Development and Application of a Value Chain Research Approach to Understand and Evaluate Internal and External Factors and Relationships Affecting the Economic Competitiveness in the Textile Value Chain

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Title: Development and Application of a Value Chain Research Approach to Understand and Evaluate Internal and External Factors and Relationships Affecting the Economic Competitiveness in the Textile Value Chain
Author: Frederick, Stacey Elizabeth
Advisors: Timothy Clapp, Committee Member
Trevor Little, Committee Member
Blanton Godfrey, Committee Member
Nancy Cassill, Committee Chair
Abstract: Textile firms’ compete in a global, rapidly changing economy. In this environment, stakeholders cannot be complacent; they must continually upgrade their skills and seek more sophisticated advantages. To develop a sustainable strategy requires a holistic understanding of past and present dynamics affecting the entire value chain on a local to global scale. Yet due to changes in industry-specific and economy-wide business dynamics, the textile complex lacks a holistic, standardized model that represents all sectors and stakeholders. The purpose of this research was to fill this gap by developing a conceptual framework and research process that provides a comprehensive view of the forces driving change in the organization, geography and relationships among stakeholders throughout the value chain. This framework underscores areas that are increasing in importance in the textile complex including pre- and post- production activities and network relationships. The research approach is built on a visual representation of the value chain structure that allows information to be easily analyzed, visualized or compared to other industries. Together, the visual and conceptual models can be used to show how different parts of the chain are connected to each other. Firms and economic developers can use this approach to predict future competitive dynamics and to develop sustainable upgrading strategies. This research was accomplished in three phases. First, secondary literature on existing chain-based industrial organization research approaches were reviewed. The two main streams of literature, strategic management and economic sociology, were compared to identify similarities and differences in research frameworks, models and processes. Results indicated that despite different analytical lenses, the two approaches were quite similar and are often used interchangeably by research practitioners. Next, key features from the sociological approaches were added to the business and management strategy formulation models. By combining the complementary elements of these approaches, a new, industry-neutral research approach including a research process, conceptual model, and visual representations were created. Finally, the new research approach was applied to textile value chain and the research process was carried out to understand the competitive dynamics facing the existing structure of the North Carolina textile complex. Results indicated that the North Carolina textile complex has a strong base of textile firms and a strong presence of members of the supporting environment. Yet, the industry lacks physical presence or linkages with important downstream buyers or lead firms. Furthermore, the industry lacks full-package, flexible, scalable, network operating structures. The industry would greatly benefit from increased marketing of existing capabilities and an infrastructure that can facilitate collaborative efforts along the chain and among firms with complementary competencies.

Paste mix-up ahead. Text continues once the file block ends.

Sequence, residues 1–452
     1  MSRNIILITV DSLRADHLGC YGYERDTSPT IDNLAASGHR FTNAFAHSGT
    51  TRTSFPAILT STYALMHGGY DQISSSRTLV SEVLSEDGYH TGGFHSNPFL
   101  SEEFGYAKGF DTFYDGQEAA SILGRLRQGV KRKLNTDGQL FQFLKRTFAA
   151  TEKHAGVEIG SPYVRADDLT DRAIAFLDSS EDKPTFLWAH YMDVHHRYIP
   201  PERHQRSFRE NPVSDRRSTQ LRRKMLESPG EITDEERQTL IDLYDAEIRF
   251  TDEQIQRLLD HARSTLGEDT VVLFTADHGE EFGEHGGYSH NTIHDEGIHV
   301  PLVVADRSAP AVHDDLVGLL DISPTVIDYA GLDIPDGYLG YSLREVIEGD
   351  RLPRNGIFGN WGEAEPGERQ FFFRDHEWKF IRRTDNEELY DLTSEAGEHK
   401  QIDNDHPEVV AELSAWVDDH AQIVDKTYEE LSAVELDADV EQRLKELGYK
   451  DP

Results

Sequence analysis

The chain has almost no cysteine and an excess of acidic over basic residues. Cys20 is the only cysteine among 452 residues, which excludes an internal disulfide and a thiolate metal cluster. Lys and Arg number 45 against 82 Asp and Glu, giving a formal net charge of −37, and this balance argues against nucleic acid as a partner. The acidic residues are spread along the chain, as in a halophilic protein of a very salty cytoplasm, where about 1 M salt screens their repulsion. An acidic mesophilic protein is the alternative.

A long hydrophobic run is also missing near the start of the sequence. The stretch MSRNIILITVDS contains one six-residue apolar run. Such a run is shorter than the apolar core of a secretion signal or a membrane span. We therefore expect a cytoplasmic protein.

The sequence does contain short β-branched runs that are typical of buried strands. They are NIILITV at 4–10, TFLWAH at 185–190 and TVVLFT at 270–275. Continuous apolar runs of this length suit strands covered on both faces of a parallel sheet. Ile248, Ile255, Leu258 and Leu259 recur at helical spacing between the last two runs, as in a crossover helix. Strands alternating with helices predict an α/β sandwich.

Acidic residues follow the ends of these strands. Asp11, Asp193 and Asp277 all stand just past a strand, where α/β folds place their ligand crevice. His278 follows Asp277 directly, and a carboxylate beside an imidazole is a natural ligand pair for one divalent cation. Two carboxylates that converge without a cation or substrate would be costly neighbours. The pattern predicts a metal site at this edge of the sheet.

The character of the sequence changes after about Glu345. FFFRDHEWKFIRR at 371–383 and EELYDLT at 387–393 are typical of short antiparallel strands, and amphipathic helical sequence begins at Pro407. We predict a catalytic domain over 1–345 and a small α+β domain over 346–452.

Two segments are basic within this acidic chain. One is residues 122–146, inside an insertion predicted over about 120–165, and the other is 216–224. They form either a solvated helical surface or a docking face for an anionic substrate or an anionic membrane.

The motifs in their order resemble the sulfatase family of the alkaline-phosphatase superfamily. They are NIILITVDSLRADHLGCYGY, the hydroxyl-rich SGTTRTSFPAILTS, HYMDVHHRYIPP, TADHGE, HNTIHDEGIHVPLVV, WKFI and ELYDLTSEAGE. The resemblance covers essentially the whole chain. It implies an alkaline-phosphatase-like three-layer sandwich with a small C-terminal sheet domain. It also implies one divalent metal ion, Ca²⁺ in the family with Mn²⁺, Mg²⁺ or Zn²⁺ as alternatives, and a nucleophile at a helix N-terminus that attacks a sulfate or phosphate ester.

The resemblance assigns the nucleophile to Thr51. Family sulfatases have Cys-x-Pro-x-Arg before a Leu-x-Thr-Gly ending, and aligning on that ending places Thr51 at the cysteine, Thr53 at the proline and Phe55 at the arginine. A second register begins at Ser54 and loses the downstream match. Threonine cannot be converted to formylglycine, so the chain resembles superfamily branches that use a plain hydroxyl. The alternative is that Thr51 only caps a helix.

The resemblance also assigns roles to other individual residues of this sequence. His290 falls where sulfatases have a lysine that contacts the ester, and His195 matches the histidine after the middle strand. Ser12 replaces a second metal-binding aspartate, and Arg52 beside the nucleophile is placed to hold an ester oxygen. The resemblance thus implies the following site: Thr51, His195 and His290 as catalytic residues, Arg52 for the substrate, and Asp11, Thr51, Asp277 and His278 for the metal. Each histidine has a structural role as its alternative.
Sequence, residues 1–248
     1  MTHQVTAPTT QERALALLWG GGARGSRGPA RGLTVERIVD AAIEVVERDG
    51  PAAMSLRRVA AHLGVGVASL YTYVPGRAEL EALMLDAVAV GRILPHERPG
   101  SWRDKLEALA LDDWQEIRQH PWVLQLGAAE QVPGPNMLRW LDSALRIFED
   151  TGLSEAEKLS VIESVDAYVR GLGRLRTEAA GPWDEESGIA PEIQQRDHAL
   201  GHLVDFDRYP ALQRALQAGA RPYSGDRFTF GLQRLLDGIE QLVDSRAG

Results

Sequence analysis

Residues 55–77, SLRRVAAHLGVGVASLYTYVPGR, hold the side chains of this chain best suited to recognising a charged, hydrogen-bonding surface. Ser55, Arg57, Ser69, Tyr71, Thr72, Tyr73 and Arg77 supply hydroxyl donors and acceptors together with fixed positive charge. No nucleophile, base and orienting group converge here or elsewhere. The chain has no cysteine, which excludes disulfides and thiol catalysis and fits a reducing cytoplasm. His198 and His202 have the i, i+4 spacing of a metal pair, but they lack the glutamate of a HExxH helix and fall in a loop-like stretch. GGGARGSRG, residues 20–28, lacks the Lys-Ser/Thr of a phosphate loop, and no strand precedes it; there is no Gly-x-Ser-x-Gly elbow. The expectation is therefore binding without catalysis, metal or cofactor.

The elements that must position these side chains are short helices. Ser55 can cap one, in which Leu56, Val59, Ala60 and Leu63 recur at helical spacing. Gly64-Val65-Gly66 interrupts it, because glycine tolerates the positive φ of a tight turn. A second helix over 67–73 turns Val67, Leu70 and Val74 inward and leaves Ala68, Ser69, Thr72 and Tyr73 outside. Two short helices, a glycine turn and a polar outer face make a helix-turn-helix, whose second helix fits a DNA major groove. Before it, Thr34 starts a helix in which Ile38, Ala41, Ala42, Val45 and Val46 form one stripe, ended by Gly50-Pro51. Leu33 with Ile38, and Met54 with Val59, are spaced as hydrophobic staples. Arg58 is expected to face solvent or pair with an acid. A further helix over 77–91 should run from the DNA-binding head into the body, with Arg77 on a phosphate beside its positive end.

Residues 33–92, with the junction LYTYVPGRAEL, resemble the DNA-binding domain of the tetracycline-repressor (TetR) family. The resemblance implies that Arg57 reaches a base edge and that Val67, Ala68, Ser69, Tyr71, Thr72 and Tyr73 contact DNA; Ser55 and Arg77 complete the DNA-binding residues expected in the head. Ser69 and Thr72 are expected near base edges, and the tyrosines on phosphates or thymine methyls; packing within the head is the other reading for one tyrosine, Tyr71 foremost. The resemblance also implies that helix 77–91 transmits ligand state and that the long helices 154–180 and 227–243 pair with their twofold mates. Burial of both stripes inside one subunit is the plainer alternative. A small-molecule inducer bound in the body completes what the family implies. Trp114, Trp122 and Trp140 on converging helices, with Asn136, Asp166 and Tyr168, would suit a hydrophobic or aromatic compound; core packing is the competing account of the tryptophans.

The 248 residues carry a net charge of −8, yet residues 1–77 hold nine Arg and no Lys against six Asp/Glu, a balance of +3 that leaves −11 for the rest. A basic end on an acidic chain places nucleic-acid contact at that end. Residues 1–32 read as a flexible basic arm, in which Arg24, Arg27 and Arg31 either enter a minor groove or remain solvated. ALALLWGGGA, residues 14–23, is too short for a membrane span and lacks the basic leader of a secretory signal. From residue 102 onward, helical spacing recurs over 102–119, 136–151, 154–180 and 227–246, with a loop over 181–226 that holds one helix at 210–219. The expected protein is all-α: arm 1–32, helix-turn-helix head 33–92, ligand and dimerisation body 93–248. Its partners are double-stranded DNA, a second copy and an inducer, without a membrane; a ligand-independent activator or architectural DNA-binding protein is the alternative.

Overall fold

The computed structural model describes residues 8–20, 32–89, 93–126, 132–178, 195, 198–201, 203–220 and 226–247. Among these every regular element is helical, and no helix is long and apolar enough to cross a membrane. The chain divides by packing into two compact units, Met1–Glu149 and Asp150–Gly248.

Date: 2010-04-20
Degree: PhD
Discipline: Textile Technology Management
URI: http://www.lib.ncsu.edu/resolver/1840.16/6190


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